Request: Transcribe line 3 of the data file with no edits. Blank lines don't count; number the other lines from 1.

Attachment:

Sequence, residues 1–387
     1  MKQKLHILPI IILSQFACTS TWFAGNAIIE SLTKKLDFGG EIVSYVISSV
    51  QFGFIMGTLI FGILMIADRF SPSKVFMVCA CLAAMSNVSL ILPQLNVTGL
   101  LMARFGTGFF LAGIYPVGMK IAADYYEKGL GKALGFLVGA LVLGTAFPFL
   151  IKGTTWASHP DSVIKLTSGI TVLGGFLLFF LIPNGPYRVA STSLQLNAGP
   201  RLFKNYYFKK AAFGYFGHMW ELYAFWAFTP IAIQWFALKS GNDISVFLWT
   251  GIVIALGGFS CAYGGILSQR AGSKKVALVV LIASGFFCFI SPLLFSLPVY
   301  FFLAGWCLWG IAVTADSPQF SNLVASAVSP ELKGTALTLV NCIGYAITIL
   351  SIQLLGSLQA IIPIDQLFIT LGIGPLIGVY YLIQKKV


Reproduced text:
    51  QFGFIMGTLI FGILMIADRF SPSKVFMVCA CLAAMSNVSL ILPQLNVTGL